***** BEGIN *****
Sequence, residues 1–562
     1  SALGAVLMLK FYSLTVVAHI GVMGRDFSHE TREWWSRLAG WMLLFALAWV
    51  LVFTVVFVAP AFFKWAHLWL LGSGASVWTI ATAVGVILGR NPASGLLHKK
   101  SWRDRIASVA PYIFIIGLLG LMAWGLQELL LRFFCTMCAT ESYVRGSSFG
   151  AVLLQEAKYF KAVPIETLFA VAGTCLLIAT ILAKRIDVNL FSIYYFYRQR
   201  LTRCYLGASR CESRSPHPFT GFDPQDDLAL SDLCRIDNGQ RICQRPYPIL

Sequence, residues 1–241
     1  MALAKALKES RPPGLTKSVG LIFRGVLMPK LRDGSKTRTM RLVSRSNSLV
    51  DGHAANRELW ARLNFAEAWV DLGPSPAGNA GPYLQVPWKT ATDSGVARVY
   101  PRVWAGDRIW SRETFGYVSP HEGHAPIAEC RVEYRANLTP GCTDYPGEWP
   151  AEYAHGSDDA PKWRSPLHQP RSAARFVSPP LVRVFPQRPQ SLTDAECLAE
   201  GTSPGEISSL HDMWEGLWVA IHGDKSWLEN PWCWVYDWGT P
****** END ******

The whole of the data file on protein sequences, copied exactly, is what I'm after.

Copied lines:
Sequence, residues 1–562
     1  SALGAVLMLK FYSLTVVAHI GVMGRDFSHE TREWWSRLAG WMLLFALAWV
    51  LVFTVVFVAP AFFKWAHLWL LGSGASVWTI ATAVGVILGR NPASGLLHKK
   101  SWRDRIASVA PYIFIIGLLG LMAWGLQELL LRFFCTMCAT ESYVRGSSFG
   151  AVLLQEAKYF KAVPIETLFA VAGTCLLIAT ILAKRIDVNL FSIYYFYRQR
   201  LTRCYLGASR CESRSPHPFT GFDPQDDLAL SDLCRIDNGQ RICQRPYPIL

Sequence, residues 1–241
     1  MALAKALKES RPPGLTKSVG LIFRGVLMPK LRDGSKTRTM RLVSRSNSLV
    51  DGHAANRELW ARLNFAEAWV DLGPSPAGNA GPYLQVPWKT ATDSGVARVY
   101  PRVWAGDRIW SRETFGYVSP HEGHAPIAEC RVEYRANLTP GCTDYPGEWP
   151  AEYAHGSDDA PKWRSPLHQP RSAARFVSPP LVRVFPQRPQ SLTDAECLAE
   201  GTSPGEISSL HDMWEGLWVA IHGDKSWLEN PWCWVYDWGT P